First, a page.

Cry Your Heart Out.
Pierce’s heartbreaking biography is an uncompromising quest of finding the truth, and just like it, it is hard to swallow, amazing to experience and leaves you shook at the brisk of your seat. The film feels documented than it feels performed. The wallop of drama it whirls you around with is no entertainment, the sincerity of the material in its mannerism can easily be filtered, it definitely narrows itself down to those hard facts and figures that will question humanity. The entire script is dipped into that very idea and yet is beyond that, and even though Pierce keeps his world surrounded by pathos ideologies, it never grows manipulative. Addition to that, the film feeds itself on elements rather than antics.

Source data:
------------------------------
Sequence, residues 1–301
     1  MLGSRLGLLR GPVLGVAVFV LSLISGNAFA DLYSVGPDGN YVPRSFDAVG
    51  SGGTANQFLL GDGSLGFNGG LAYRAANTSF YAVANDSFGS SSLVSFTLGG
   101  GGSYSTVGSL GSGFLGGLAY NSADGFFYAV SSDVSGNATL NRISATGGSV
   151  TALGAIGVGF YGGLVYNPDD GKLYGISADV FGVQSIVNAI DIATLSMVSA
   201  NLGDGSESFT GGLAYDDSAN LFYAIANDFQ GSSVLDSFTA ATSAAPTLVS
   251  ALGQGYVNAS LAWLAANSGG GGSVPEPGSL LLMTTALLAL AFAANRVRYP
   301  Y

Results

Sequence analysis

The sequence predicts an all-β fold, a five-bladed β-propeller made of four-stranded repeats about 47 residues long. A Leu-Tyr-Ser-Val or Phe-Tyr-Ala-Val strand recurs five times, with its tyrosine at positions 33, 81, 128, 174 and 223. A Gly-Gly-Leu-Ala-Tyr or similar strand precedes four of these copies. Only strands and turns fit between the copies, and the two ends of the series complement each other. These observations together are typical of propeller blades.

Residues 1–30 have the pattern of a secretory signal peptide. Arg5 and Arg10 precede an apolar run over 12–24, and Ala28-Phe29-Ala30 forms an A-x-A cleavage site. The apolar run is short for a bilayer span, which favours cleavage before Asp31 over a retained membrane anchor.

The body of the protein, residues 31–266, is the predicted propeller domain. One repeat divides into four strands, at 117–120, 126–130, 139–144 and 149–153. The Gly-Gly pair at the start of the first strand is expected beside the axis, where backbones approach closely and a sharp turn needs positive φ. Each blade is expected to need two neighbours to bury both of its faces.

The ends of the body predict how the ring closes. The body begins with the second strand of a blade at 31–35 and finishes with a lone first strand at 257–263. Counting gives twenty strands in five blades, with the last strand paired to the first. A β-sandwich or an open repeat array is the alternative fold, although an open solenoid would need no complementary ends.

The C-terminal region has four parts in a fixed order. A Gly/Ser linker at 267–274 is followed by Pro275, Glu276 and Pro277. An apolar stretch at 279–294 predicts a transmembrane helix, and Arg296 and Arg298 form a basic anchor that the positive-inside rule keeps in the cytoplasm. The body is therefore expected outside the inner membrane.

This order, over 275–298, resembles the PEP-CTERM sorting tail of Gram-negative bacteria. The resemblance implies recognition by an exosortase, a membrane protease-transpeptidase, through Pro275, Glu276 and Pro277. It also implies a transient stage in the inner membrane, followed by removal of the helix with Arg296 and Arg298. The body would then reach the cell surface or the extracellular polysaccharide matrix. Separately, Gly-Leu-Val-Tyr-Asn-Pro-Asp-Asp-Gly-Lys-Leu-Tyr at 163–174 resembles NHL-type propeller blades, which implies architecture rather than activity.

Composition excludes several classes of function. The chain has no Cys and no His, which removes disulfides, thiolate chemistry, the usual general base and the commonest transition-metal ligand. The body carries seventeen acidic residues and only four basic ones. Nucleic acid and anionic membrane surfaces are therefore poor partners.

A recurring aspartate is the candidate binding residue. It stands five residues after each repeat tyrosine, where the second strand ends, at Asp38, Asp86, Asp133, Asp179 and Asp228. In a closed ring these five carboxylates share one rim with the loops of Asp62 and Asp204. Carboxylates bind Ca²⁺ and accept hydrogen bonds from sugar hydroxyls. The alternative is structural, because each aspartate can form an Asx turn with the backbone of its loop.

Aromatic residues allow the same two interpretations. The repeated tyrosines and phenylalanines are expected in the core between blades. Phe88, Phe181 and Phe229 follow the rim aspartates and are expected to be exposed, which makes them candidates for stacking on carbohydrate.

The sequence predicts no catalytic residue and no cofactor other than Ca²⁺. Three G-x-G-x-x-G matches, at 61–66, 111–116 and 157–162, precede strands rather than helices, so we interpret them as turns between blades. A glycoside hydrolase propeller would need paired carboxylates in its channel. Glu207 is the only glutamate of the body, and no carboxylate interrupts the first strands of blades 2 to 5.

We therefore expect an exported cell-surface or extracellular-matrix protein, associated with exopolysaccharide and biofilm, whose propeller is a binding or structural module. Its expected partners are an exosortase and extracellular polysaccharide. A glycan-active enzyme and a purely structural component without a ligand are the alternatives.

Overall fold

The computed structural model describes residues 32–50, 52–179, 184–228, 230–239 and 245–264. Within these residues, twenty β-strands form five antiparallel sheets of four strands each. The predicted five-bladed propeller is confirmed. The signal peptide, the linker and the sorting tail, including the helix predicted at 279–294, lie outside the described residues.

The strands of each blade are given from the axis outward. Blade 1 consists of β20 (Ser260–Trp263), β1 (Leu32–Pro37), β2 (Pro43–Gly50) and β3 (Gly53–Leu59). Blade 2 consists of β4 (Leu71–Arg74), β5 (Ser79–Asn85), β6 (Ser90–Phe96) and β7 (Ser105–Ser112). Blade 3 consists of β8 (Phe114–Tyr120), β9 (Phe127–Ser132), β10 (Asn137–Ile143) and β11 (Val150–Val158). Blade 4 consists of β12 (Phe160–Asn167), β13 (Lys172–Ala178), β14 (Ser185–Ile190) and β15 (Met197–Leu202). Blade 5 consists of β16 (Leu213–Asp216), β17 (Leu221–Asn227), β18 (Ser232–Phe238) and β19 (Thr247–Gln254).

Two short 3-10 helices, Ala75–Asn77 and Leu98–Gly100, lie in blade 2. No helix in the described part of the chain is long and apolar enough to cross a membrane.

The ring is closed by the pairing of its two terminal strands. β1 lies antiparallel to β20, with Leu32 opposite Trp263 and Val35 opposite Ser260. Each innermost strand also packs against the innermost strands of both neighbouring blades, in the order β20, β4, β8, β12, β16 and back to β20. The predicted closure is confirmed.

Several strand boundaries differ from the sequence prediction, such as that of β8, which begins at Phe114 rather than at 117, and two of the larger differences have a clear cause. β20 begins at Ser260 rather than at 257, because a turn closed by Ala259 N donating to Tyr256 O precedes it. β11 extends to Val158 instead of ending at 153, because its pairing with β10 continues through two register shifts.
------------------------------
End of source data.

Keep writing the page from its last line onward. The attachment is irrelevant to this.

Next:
These elements breeds the character into their incongruent surrounding instead of the other way around, which is something what the real life based characters went through with their lives. Swank, arguably, at the ignition of her career, snatches away the film from any other. Her riveting performance is testament to her hard work and commitment to such a complex character. The boyishness charm that she adores in front of a mirror or when she flirts blatantly with conviction, is something very vulnerable and mesmerizing to experience.
Supporting her thoroughly is Sevigny in her portrayal that has the potential to challenge her on screen with a half crooked smile and, yes, sanity. Both these figures on screen, creates a fragile emotionally fueled scene around this edgy world, that almost seemed impossible, even a first touch is glorified with high stakes hanging in balance that makes you smile with a cathartic feeling in this not-so-questionable world. Boys Don’t Cry will prove you wrong, it still rubbles me down whenever there is a recognition of reality in Swank’s eyes, it is a rare cinematic art.